And that leads to reality tv for people to get their romantic fix. Watching these as the only examples of romance, one begins to normalize it as dating reality. Patience is thrown out with the bathtub, baby, and all the diapers. Insta-love is the belief du jour. Actually, it’s not even insta-love. Forget dinner and a movie or even the three-date rule. There’s one reality tv program that participants meet each other at the altar (or wherever) seconds before getting married. Women wait in droves to get selected as the chosen one to be wined and dined on frozen television dinners by a pool. Not to knock anyone’s hustle, but what real woman (or man for that matter) would put up with that. Well, apparently a lot. However, it is being exposed frequently that many of the persons on reality tv are actors with scripts, which is fine. Or it would be fine. But how about calling a spade a spade as the old folks say? Instead of calling it reality tv where viewers expect some portions of dialogue and circumstances to be a quarter of a centimeter true, say it’s a drama, sitcom, or some work of fiction.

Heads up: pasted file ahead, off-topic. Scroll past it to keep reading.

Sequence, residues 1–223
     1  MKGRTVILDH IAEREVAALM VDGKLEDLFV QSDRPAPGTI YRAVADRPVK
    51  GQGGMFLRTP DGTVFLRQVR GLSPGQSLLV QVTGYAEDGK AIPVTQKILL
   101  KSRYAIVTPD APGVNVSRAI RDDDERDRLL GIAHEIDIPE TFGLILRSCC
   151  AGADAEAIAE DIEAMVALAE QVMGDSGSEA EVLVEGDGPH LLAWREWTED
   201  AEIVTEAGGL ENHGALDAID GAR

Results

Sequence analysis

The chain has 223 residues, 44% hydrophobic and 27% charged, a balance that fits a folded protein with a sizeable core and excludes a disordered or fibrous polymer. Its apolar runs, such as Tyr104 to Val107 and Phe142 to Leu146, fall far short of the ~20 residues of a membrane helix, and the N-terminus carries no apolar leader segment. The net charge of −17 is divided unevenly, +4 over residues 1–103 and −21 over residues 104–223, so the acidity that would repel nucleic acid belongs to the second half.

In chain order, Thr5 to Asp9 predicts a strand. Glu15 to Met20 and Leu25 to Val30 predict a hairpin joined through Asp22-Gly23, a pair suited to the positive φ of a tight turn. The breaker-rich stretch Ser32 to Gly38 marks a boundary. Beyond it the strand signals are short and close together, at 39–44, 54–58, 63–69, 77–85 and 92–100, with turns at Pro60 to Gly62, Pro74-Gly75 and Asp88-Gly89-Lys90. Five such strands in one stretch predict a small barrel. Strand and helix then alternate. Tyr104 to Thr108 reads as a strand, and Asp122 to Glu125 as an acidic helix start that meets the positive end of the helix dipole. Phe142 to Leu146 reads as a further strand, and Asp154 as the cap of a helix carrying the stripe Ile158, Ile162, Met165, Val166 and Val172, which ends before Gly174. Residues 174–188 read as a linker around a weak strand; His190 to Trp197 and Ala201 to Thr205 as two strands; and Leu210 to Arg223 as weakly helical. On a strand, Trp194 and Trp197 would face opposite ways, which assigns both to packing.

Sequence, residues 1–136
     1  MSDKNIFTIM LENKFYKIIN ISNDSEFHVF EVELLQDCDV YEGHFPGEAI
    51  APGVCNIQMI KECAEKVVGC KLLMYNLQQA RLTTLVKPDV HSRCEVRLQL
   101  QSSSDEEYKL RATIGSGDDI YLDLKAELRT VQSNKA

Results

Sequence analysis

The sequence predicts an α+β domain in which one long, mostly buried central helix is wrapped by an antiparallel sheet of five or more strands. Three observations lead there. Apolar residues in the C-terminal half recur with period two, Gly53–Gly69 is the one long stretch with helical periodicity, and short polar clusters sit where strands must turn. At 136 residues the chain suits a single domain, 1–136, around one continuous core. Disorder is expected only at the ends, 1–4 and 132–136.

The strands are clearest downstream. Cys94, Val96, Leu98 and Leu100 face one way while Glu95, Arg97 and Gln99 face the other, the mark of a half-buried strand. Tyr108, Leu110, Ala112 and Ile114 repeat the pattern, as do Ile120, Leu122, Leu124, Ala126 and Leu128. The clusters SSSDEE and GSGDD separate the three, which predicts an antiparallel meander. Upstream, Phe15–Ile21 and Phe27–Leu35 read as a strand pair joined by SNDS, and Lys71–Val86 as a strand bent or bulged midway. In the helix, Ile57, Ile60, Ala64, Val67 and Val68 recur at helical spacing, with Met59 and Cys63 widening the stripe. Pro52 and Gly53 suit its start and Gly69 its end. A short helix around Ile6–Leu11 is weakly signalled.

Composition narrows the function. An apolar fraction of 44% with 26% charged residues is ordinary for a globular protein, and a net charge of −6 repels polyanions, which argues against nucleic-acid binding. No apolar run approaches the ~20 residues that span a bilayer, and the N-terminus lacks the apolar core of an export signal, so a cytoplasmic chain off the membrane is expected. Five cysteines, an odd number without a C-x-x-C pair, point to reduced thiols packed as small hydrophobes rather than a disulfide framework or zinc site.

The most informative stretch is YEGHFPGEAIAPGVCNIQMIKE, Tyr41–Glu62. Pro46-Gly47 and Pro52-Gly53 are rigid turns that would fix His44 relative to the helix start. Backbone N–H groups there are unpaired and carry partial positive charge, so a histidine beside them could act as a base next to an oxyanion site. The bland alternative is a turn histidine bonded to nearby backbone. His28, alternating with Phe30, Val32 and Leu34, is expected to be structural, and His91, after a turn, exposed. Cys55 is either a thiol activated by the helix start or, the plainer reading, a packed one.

I know I never expected reality television to be “real,” but on some of these “dating” shows, I did hold out hope that what I was seeing was true love—that maybe the situation or setting may have been manipulated but the feelings were real. Now, even my faith in that is shook, as some networks are brassily supporting cheating and adulty. Lies and deceptions are being upheld as reality standards that should be accepted by some networks. Now, I say some and not all. And I’m not pinpointing or singling out any one particular television production.

In all fairness, anyone watching television should not be using television as their only source for a moral compass. However, it does cause one to wonder with the seeming evaporation of romance in many smaller communities and the use of the word “reality”, how are people defining romance?

What are your thoughts on romance? Do you feel that the definition of romance is changing? What do you think is romantic? Have your thoughts of romance changed? I’d like to hear your opinions. Please leave a comment and let me know your opinion. Also, let me know if you like this type of content and would like to see more of these kinds of posts.